In this authorised biography, Zachary Leader argues that Kingsley Amis was not only the finest comic novelist of his generation, but a dominant figure in post-war British writing, as novelist, poet, critic and polemicist.

The overriding impression left by Zachary Leader's marvellous new biography is that of a comic talent best enjoyed in. .

The overriding impression left by Zachary Leader's marvellous new biography is that of a comic talent best enjoyed in aphoristic vein, or when seeking to annoy, and of a curmudgeon who could be both endearing and appalling. Amis's saloon-bar philistinism and hatred of the arty or pretentious was combined with exceptional knowledge and understanding of literature. It's a pleasure to read, and the accumulation of detail gives a real sense of a life being led. Amis was all too prescient when he claimed, apropos the expansion of university places, that "More Means Worse"; when it comes to his biography, more means even better.

In this authorised biography, Zachary Leader argues that Kingsley Amis was not only the finest comic novelist of his generation, but a dominant figure in post-war British writing, as novelist, poet, critic and polemicist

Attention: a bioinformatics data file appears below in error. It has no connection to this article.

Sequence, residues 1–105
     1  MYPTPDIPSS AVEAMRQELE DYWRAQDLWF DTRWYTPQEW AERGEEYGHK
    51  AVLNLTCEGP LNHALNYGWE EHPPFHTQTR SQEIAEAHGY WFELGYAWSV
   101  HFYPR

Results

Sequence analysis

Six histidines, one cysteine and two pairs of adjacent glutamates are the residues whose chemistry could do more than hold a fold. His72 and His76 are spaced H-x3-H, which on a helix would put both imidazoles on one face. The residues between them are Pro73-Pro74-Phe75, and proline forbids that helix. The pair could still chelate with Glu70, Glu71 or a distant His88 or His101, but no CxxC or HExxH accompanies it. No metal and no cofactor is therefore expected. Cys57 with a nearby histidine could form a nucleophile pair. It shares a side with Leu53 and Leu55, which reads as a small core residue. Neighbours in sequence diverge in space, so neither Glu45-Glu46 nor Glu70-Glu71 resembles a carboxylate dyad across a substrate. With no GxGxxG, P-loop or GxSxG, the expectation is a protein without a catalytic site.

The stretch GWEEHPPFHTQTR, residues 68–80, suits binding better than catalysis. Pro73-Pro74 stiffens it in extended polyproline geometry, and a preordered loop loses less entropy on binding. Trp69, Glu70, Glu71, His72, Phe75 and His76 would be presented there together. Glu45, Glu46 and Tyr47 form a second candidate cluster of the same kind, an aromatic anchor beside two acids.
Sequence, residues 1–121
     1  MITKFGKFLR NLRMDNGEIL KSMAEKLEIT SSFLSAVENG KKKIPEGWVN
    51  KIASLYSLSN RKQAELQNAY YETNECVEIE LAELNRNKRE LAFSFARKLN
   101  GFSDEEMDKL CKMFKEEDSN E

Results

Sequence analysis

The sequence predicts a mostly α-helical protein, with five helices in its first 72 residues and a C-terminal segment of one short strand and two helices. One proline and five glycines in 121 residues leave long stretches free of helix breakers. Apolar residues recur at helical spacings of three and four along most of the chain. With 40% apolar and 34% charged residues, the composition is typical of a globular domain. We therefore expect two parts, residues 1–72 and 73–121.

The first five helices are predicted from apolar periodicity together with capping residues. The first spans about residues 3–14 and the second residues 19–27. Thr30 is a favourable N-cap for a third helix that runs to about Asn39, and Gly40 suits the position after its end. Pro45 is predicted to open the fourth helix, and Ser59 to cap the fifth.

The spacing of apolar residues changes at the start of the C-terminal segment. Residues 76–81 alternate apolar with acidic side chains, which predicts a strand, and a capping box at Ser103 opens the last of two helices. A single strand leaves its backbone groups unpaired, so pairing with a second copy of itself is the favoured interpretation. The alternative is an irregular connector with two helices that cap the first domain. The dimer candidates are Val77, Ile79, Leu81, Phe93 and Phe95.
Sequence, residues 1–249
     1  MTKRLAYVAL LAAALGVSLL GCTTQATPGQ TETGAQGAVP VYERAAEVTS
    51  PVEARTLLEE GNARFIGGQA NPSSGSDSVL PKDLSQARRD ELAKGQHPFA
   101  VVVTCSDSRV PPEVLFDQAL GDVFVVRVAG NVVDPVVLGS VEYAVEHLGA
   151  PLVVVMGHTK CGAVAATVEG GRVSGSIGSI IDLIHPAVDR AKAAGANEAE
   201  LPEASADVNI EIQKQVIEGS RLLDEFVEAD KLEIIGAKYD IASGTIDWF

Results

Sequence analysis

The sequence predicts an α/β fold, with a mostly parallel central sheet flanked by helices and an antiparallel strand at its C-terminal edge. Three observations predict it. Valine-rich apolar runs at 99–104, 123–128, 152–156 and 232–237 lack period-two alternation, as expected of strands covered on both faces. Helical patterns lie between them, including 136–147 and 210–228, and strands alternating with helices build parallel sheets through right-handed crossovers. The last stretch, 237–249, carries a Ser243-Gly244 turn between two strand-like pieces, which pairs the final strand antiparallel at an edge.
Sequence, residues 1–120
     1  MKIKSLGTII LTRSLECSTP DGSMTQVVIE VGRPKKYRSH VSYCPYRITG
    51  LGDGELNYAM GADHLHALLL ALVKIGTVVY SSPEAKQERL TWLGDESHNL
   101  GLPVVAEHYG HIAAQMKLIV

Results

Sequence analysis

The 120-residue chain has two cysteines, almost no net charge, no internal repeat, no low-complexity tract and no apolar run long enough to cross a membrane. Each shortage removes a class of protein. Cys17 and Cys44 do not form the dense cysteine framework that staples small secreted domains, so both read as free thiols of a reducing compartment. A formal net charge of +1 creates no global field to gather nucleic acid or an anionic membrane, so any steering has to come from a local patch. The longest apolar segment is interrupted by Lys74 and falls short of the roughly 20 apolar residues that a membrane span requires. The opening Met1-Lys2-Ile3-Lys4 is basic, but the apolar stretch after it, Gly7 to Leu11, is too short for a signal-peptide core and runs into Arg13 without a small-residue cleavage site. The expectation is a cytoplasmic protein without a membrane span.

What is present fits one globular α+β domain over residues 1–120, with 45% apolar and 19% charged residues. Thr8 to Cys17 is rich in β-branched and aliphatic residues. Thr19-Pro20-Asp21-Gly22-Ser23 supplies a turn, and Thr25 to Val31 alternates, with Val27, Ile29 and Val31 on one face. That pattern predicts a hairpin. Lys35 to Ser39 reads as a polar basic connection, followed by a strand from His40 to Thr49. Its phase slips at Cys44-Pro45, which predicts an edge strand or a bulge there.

In this authorised biography, Zachary Leader argues that Kingsley Amis was not only the finest comic novelist of his generation, but a dominant figure in post-war British writing, as novelist, poet, critic and polemicist.

The eagerly-awaited authorized biography of Kingsley Amis.In this, the authorized biography, Zachary Leader argues that Kingsley Amis was not only the finest comic novelist of his generation, but the dominant figure of post-war British writing.Drawing not only on interviews with a range of Amis’s friends, relatives, fellow writers, students and colleagues, many of them never before consulted, but also on almost a thousand previously unpublished letters, Leader’s biography will for the first time give a full picture of Amis’s childhood, school-days, life as a teacher, critic, polemicist, professional author, husband, father and lover. He explores Amis’s fears and phobias, and the role that drink played in his life. And of course he pays due attention to Amis’s work.As the editor of Kingsley Amis’s Letters (hailed in the Sunday Telegraph as “one of the last major monuments to the epistolary art”), Leader is more than qualified to be his authorized biographer. His book will surprise, entertain and illuminate.From the Hardcover edition.
Comments to eBook The Life of Kingsley Amis
Cointrius